The Definitive Study On Zantac Cancer May Be To Test a Patient's Urine Immediately After Taking The Antacid
A simple way to see if Zantac ranitidine becomes carcinogenic is to perform before and after urine tests
Tuesday, August 17, 2021 - Controversy surrounds Zantac ranitidine and whether or not it causes cancer. Some think it does and some think it does not. Until today I had not read any study that would provide definitive evidence that ranitidine is so unstable that it breaks down to form carcinogenic N-nitrosodimethylamine (NDMA) when it is exposed to the increased temperatures inside the human body as online prescription drug testing pharmacy Valisure claims. Critics of Valisure's findings of NDMA levels as high as 3 million nanograms per ranitidine tablet say that the pharmacy's high-heat testing method caused the NDMA spike. That said, thousands of individuals with stomach, bladder, esophagus, colon, prostate, and other forms of cancer have registered with a Zantac cancer attorney to file a claim seeking lump-sum monetary damages having taken Zantac regularly for several years or longer.
As recently as June 21, 2021, internet medical experts at WebMd.com addressed this question and came up with some interesting opinions. The online medical experts cite research that seems to confirm Valisure's elevated NDMA counts, citing a study that shows that NDMA levels in patient's urine increased four-fold after taking a prescribed dosage of Zantac ranitidine. According to WMD, "healthy men and women who took a normal dose of the heartburn medicine ranitidine, often known by the brand name Zantac, had extremely high levels of a chemical known as NDMA, a probable cancer-causing substance. NDMA levels in their urine increased by 400-fold after taking a dose of the antacid, the researchers found." The US Food and Drug Administration has set a limit of 96 nanograms per tablet as the daily safe amount of NDMA.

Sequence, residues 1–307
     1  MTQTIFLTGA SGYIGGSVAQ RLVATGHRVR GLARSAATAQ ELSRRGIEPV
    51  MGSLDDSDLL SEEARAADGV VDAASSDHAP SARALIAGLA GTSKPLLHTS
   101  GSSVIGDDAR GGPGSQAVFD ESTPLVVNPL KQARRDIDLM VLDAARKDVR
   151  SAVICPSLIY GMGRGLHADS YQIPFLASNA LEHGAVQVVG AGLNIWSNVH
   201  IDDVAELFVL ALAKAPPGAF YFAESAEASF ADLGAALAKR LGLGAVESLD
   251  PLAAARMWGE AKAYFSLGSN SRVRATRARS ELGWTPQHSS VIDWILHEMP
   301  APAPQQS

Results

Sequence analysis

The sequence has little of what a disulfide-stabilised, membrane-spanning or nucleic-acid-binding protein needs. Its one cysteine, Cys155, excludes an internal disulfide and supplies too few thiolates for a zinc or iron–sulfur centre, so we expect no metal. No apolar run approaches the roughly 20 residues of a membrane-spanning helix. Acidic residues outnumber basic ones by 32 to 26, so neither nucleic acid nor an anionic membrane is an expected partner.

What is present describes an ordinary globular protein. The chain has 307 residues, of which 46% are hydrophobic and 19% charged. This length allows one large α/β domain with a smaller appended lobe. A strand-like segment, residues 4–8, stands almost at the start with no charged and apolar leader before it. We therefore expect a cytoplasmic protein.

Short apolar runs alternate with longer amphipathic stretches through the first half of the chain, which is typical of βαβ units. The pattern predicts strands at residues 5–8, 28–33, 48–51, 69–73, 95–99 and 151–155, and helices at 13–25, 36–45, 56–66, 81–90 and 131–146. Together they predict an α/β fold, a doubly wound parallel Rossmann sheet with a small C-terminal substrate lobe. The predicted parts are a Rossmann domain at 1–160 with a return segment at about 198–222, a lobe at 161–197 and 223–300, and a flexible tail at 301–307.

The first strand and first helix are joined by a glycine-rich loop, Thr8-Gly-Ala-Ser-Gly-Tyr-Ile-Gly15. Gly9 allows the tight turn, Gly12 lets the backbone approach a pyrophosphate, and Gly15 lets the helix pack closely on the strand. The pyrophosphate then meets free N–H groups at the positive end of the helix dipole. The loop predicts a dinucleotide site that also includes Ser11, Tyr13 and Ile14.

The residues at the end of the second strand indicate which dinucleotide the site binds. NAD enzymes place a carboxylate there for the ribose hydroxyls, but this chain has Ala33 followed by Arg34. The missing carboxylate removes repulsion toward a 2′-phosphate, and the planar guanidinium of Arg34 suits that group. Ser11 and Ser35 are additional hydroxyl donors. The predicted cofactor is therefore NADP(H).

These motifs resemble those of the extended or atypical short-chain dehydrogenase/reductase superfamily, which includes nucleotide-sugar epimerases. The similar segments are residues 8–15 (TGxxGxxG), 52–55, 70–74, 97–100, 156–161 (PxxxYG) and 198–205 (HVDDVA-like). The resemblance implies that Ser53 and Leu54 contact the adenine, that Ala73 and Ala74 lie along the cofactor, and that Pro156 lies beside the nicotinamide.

Whether or not Zantac ranitidine is overheated and becomes carcinogenic during the manufacturing process, transportation, storage, or within the body is a moot point from a legal standpoint. Many Zantac cancer questions need answers, and Zantac cancer lawsuits will assert that Sanofi, the most recent Zantac patent holder and manufacturer, and also others either knew or had a responsibility to know that NDMA levels were increasing given the simple before and after urine tests that could have been performed. So certain is Sanofi's culpability that the US Department of Justice has accused the company of lying to the FDA about their knowledge of ranitidine degrading to form NDMA, and a formal investigation is ongoing. It also appears that chemistry supports Valisure's claim that ranitidine is a fundamentally unstable molecule, and turns into NDMA with only the slightest modification. "The ranitidine molecule itself is fundamentally unstable," says David Light, CEO of Valisure, an online pharmacy, and testing laboratory. The ranitidine molecule itself is fundamentally unstable," says David Light, CEO of Valisure, an online pharmacy, and testing laboratory," according to WMD. Federal court proceedings will begin in September 2021, when a judge has scheduled Daubert hearings to interview potential expert witnesses from both sides and determine which scientific testimony to allow juries to hear.">
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Lawyers for Zantac Heartburn Medicine Lawsuits
OnderLaw, LLC is a St. Louis personal injury law firm handling serious injury and death claims across the country. Its mission is the pursuit of justice, no matter how complex the case or strenuous the effort. The Onder Law Firm has represented clients throughout the United States in pharmaceutical and medical device litigation such as Pradaxa, Lexapro and Yasmin/Yaz, where the firm's attorneys held significant leadership roles in the litigation, as well as Actos, DePuy, Risperdal and others. The Onder Law Firm has won more than $300 million in four talcum powder ovarian cancer lawsuits in St. Louis. Law firms throughout the nation often seek its experience and expertise on complex litigation.